A historical landmark in California received a new plaque on Monday during City of California's Board of Aldermen meeting.
James Albin, of the Moniteau County Historical Society, bought a plaque for Smith-Burke Park on South Williams Street, a landmark memoralizing a, now demolished, historic building.
Albin told board members he decided to commission a new plaque after discovering information on Smith-Burke Park's original signage is incorrect.
The original inscription said the Missouri Pacific Railroad built the Central Hotel to house railroad employees. After researching the landmark's history, Albin said the information on the original plaque to be false and "had nothing to do with the railroad at all."
The new plaque states, "On this site stood the Occidental Hotel. Lot Number 34 was purchased by Samuel Owens on Sept. 15, 1869. He sold it to Thomas Smith on Feb. 3, 1872. Smith built a hotel that was dedicated on Sept. 13, 1877. By 1877 it had become the Central Hotel. On Nov. 25, 1924, the property was brought by John Burke, who turned it into a residence for the Burke family. California Progress Inc. purchased the property, and when the building could not be restored it was demolished in 1991 and turned into Smith-Burke City Park."
The board approved the old signage to be replaced with Albin's updated plaque.
Board members discussed the potential for a city administrator position. Aldermen Steve Hickman brought the topic of hiring someone for the position to the board. He explained an administrator could evaluate problems in the city and develop solutions before alderman meetings.
However, members debated what the position entails and how it would affect other jobs with the City of California, such as the California city clerk and supervisor. Ultimately, the board asked City Attorney Ann Perry to do more research on the role before making a decision to create the position.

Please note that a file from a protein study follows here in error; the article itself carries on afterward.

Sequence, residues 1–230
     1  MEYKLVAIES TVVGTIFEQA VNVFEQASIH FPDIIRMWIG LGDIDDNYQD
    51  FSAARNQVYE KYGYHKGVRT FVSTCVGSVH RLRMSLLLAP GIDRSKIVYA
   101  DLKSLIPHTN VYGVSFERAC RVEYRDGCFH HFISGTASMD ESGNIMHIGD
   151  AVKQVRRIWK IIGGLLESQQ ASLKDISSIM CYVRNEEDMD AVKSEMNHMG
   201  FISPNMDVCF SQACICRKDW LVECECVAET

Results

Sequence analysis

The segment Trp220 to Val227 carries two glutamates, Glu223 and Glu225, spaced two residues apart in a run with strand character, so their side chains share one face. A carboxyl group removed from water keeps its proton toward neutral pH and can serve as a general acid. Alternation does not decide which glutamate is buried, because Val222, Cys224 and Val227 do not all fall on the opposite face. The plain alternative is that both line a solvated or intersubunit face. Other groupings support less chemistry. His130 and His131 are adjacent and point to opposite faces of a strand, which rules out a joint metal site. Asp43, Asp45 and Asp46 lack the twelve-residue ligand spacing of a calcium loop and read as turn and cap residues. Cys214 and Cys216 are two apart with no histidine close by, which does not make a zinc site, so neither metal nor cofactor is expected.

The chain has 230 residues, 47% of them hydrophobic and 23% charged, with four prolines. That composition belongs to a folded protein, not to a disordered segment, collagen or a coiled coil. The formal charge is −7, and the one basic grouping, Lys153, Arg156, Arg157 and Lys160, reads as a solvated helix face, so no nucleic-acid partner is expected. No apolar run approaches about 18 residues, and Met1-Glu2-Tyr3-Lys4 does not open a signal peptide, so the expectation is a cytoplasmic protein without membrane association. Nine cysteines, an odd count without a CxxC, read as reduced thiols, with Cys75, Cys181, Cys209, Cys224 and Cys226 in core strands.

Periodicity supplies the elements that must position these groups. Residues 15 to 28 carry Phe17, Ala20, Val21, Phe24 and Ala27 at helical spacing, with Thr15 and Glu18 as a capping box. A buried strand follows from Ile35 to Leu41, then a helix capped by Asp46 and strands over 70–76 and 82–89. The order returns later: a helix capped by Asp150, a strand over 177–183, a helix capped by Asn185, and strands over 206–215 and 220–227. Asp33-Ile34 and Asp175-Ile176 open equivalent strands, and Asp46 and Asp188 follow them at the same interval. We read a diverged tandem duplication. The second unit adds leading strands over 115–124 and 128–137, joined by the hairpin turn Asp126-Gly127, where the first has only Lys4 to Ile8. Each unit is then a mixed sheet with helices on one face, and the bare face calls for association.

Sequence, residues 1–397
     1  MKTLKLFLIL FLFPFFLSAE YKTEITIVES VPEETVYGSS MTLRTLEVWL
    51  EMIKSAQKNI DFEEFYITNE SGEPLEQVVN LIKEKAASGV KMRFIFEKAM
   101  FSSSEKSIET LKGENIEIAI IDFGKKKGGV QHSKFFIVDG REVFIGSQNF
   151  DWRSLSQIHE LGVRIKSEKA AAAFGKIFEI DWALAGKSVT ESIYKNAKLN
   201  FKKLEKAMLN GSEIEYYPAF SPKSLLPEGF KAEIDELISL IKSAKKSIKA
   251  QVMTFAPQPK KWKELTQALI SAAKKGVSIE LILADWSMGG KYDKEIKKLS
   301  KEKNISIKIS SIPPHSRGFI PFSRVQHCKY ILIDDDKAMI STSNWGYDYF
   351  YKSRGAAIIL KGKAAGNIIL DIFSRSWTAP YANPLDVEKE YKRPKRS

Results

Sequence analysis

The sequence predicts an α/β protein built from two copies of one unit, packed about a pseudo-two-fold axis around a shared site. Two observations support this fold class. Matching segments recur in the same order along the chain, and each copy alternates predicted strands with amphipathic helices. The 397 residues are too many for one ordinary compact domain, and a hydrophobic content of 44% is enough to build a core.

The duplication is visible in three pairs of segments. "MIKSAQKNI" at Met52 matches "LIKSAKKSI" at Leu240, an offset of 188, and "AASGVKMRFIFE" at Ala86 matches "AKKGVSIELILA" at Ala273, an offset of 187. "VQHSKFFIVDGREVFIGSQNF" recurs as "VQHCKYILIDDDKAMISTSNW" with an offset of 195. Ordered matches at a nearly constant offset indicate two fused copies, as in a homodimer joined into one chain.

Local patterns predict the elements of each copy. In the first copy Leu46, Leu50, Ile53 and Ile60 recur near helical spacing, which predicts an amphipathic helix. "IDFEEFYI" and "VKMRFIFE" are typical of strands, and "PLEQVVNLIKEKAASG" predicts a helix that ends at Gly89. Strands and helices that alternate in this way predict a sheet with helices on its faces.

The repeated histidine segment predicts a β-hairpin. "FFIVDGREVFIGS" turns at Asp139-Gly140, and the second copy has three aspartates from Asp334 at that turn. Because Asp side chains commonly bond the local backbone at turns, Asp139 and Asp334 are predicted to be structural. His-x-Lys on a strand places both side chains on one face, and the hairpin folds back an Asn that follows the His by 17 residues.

The board approved a $557,690.33 bid from Higgins Asphalt. Street Supervisor Vic Maurer said the company also gave the city an estimate of $107 a ton. Extra milling provided by the company is $2.85 per square yard.
Water and Sewer supervisor Kyle Wirts also reported to the board, during a preventative maintenance check from Flynn Water Well Company, the pump for one of the city's older wells is only 25 feet below the water table when it should be at least 75 feet or more. Wirts said Flynn is going to try to lower it to 105 feet.
In other business:
- Aldermen approved a one-year CD bid from Hawthorn Bank at 4.81 percent.
- Aldermen approved a re-evaluation of City of California's property and assets presented by Mike Keith Insurance.
- Representatives from the Latham Memorial Family Park Foundation also visited aldermen to discuss responsibilities toward the park as it moves ownership from California Progress Inc to the City of California.
Ordinances approved by the city include:
- Closing certain streets for the 2023 Moniteau County Fair parade.
- Closing certain streets for the Fourth of July parade.
- Providing regulations for mobile food vendors.
- Adopting policy required by the state's "Net Metering and Easy Connection Act." It applies if a resident has become a generator of electricity through installation of renewable energy sources. If a resident produces more than they are consuming, residual energy gets put back onto in the city's grid.
- Prohibiting parking of motor vehicles, boats or trailers on unpaved surfaces. If a citizen's single axle vehicle is 10 feet or shorter, it can be sitting on grass as long as it is not loaded and not in a front yard. If it's over the footage, the vehicle has to be on a paved surface.